Marion Parmalee wants a promotion for her husband, whose boss P. J. Sullivan is retiring to Florida with his wife. At the retirement party, wearing a "Nude at Midnight" dress she bought for $59, Marion flirts with P. J. a bed manufacturer. When they get caught atop a bed together, P. J.'s wife names another man at the party as her husband's successor. In far-off Los Angeles, a 21st-birthday party and a desire for boyfriend Charlie to propose marriage to her motivate Marta Jensen into buying an eye-catching dress, "Nude at Midnight," a copy of which she finds on sale for $19, they have difficult getting a table at Michael Romanoff's popular restaurant, frustrating Charlie until he gets an eyeful of Marta in her gown. At a nearby table appreciating her beauty in this dress, sits the Maharajah of Kim-Kepore. Marilyn Maxwell as Marion Parmalee Paulette Goddard as Betty Barnes Eva Gabor as Gogo Montaine Barbara Lawrence as Marta Jensen Cecil Kellaway as Patrick J.'P. J.' Sullivan Robert Hutton as Charlie Johnson Leif Erickson as Edgar Blevins Tom Conway as Maharajah of Kim-Kepore Michael Romanoff as Prince Romanoff Florence Bates as Mrs. Nora Sullivan El Brendel as Papa Jensen Laurette Luez as Lisa Jones Robert Bice as Jack Parmalee Aram Katcher as Louis-Jean Vacheron Gloria Christian as Cora Blevins Byron Foulger as Ernest Boggs Bibs Borman as Berta Courtallez Paris Models as Himself Pamela Robertson Wojcik.

New Constellations: Movie Stars of the 1960s. Rutgers University Press, 2012. Paris Model on IMDb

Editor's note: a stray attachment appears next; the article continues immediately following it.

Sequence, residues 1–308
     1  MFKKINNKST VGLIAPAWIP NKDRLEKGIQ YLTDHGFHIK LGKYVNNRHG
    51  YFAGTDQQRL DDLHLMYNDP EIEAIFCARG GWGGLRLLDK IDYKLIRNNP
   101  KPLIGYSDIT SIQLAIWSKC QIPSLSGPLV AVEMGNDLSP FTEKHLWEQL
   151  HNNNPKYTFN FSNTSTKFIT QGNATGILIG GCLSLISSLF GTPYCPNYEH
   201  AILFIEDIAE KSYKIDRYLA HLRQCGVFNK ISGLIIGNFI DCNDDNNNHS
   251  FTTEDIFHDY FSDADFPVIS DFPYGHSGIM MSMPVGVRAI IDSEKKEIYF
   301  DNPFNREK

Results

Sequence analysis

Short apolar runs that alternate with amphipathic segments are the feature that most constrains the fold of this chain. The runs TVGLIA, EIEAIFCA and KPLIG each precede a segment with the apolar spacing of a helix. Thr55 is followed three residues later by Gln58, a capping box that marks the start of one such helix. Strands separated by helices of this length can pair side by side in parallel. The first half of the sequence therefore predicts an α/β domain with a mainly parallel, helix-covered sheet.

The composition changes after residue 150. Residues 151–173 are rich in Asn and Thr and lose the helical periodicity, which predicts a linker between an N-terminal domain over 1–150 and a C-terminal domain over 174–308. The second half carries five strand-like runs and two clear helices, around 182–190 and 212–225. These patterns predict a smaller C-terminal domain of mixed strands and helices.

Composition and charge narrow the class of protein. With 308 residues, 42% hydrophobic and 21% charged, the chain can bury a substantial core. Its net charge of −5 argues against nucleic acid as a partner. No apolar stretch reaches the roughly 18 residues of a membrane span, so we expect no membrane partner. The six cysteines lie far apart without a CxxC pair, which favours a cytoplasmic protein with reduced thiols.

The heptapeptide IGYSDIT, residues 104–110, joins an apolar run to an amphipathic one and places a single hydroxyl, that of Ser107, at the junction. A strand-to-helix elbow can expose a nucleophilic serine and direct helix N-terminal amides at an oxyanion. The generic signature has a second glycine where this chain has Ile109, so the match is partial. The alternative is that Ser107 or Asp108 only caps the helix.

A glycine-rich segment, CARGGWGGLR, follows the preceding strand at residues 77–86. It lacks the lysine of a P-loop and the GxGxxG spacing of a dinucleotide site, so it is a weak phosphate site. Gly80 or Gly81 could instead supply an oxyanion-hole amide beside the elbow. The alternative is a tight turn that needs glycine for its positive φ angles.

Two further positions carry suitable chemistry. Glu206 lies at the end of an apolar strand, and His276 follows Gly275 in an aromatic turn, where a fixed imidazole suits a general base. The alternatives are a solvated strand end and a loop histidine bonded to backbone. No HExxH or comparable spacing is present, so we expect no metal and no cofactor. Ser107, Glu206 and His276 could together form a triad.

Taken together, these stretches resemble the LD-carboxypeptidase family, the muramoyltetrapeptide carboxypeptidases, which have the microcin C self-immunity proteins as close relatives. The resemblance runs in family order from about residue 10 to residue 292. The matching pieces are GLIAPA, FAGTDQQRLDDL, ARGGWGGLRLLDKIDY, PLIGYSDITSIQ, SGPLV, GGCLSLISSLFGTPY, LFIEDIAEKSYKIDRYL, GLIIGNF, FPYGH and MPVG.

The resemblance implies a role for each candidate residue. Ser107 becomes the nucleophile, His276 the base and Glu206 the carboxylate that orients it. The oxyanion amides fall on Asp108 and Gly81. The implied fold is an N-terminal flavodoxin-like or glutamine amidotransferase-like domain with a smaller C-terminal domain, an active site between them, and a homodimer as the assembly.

William H. DeLancey

William Heathcote DeLancey was a bishop of the Episcopal Church in the United States of America and the sixth Provost of the University of Pennsylvania. DeLancey was known as a High Churchman, served as the first bishop of the Episcopal Diocese of Western New York. DeLancey was born at Mamaroneck, New York into a celebrated New York family descended from Caleb Heathcote, he was the son of John Peter DeLancey, a Revolutionary War soldier, his wife, Elizabeth Floyd. His sister married James Fenimore Cooper. DeLancey graduated from Yale College in 1817 and studied divinity with Bishop John Henry Hobart of New York, he served in several positions in New York before being ordained to the ministry in 1822. He married Frances Munro, daughter of Peter Munro, in 1820, they had three daughters. Their eldest son, Edward Floyd DeLancey, was president of the New York Genealogical and Biographical Society. After his ordination, DeLancey took a position in Philadelphia as general assistant to William White, he held various clerical offices in Philadelphia and, in 1826, was elected a Trustee of the University of Pennsylvania.

Delancey was elected provost of the University in 1828, continuing in that office until 1834. The next three years showed a distinct improvement in other areas. In 1839 DeLancey was elected first Bishop of the newly created Episcopal Diocese of Western New York, he was the 34th bishop of the ECUSA, was consecrated by bishops Alexander Viets Griswold, Henry Ustick Onderdonk, Benjamin Treadwell Onderdonk. DeLancey remained in that position for more than 25 years. In 1852, he attended the fifteenth anniversary of the Society for the Propagation of the Gospel in Foreign Parts as one of the two representatives of the American House of Bishops, being the first American Bishop to be recognized as one of their own body by the Anglican Bishops. DeLancey was active in matters of church organization and legislation, was instrumental in placing Hobart College and several other educational institutions on a firm basis, he was involved in the establishment of St. Peter's Episcopal Church, dedicated as the DeLancey Memorial Church.